Monthly Quarter-Planning with Project- and Resource Priority and Decision Process
After we implemented those roles we implemented a process for planning and it’s a monthly quarter planning process for projects and operative planning. So the project managers need to plan their projects monthly at least for the next three to four months, and the resource managers need to update the operative planning and display their change capacity within Tempus also for the next three to four months. That gives us, the PPM and the project portfolio board the capability to analyze, simulate and decide if you can put another project into the portfolio if that’s possible and also if there are any resource conflicts on the horizon that we need to manage. This process, as mentioned, needs to take place monthly so that the data is sufficient. This had a big change for our organization because before we only had Excel and only the planning of the projects was transparent there, so the resource managers came up to me and said, “Hey Tim. Why does PPM always come to us and just want more data but doesn’t provide any benefit for us?” I thought about that for a week and came back to the resource manager and said you’re right. We need to provide you with a way that you can manage your resources but don’t have to do prioritization because before the process was like the wild west. The project managers just came directly to the resource managers and reserved their resources and the resource manager needed to make a prioritization based on their knowledge. That’s often not in the best interest of the company. So, with the implementation of the project portfolio board we gave the resource managers a tool to escalate their resource conflicts and protect their people from over utilization. That was a key part in the acceptance of the tool.
For the benefits to be possible, we needed some data within Tempus. In our case it’s a bit special. Tempus has our own time tracking capability within but we already had a time tracking tool in JIRA so we needed to integrate that data into Tempus to display what the resource managers’ people are working on compared to what they were planned for. On the other side, the project managers were also not very happy with the implementation because it meant that they had to update their project plan more frequently. Before they only had to plan the project at the beginning, so once a year and the resources were set for that year. Now it’s different. The project managers needed more resources to input the data so we needed a benefit for them as well. So we went on including the project costs out of SAP, and that was the first step. Making all the necessary data for project managers available in one tool and that was a big benefit for our project managers because before they had to go into SAP if they wanted to look at the project costs and had to go into JIRA and look at the time tracking data. Now they can just view it one tool and it’s easily accessible.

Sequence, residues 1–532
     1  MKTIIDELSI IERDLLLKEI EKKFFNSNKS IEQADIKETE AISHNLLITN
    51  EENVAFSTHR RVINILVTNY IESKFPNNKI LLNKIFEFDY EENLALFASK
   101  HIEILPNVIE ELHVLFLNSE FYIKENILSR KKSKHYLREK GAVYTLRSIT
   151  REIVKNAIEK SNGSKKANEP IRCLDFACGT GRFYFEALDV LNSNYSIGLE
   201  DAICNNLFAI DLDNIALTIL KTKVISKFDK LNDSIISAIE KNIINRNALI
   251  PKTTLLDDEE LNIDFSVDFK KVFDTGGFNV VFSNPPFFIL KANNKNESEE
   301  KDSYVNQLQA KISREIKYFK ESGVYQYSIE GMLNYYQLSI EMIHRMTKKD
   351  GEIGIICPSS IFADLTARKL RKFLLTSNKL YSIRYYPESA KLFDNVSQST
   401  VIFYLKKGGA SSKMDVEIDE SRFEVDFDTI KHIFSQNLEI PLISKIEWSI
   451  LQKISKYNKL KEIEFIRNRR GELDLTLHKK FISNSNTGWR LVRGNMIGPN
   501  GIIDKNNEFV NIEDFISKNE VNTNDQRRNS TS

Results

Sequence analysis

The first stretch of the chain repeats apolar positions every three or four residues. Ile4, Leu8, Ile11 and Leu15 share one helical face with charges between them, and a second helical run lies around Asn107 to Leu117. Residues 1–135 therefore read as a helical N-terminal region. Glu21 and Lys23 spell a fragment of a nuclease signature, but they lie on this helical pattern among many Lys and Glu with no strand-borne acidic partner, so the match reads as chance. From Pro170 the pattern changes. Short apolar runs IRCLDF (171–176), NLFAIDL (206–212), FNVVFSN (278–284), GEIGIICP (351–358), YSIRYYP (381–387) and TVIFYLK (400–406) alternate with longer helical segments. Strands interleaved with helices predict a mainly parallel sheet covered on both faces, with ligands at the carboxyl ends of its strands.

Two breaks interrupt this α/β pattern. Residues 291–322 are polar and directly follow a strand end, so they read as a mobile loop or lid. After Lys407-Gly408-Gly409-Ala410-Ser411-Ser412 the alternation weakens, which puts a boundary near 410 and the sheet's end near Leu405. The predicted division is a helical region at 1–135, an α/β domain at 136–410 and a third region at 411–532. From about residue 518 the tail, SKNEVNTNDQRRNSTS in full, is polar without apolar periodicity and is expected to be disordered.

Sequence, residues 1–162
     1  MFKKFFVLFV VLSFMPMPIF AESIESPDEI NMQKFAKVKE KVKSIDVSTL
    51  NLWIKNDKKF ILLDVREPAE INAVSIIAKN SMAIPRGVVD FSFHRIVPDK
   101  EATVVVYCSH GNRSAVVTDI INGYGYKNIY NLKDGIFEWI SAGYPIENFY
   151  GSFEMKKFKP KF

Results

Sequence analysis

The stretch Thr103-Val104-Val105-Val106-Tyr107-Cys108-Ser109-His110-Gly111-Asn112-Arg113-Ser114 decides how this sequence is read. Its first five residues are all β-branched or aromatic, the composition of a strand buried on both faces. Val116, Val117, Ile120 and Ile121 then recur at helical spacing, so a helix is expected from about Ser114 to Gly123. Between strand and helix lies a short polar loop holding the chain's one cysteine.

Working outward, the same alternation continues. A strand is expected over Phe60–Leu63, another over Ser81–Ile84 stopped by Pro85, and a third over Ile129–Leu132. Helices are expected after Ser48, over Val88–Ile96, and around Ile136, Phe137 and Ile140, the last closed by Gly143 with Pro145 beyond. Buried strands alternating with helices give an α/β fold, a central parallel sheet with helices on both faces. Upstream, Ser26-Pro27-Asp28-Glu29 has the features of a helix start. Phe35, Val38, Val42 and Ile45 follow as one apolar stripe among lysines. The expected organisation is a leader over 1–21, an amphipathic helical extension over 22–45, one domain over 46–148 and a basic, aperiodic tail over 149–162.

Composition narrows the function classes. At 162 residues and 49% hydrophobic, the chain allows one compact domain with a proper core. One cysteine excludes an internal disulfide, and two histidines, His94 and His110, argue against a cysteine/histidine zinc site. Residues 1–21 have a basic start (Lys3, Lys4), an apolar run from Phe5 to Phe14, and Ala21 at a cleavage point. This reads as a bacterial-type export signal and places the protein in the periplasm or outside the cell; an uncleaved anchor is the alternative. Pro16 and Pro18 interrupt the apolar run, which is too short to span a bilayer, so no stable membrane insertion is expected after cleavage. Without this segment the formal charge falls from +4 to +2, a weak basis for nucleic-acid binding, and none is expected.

Another main benefit for our project managers was that they had committed resources on their projects. So if a resource request goes through our approval process within Tempus, you’re guaranteed to have these persons on your projects. It’s not like before when there were quick shifts within maybe one or two days. You don’t have special people that you need for the projects in your project anymore, so now you have a good commitment so that the projects can work more consistently.
As you see, we also have a project status reporting tool. As of now it is not integrated; it’s a standalone application and there the project managers are inputting their project status and delivery object tracking.
What did we do with the data? We made several dashboards, reports for resource managers and project managers to visualize the data within Tempus. That really helped with the acceptance of the tool, but it has its limits. Sometimes we need something more special, especially in the case of PPM. It’s not really true for the resource managers and project managers. They’re just fine with the reports within Tempus but sometimes for a special PPM case we need something more. That’s why we are going to evaluate the BI tool in the future. I’m going to speak about that later. As you can see here, we’re doing things like comparing plan data to actual data in comparison to the capacities of teams or divisions. We can simulate within Tempus and look if certain projects can be input into the portfolio now or to a certain time. And we can have a look at what our people are working on. So are they working mostly on run or are they really working on the change of the company?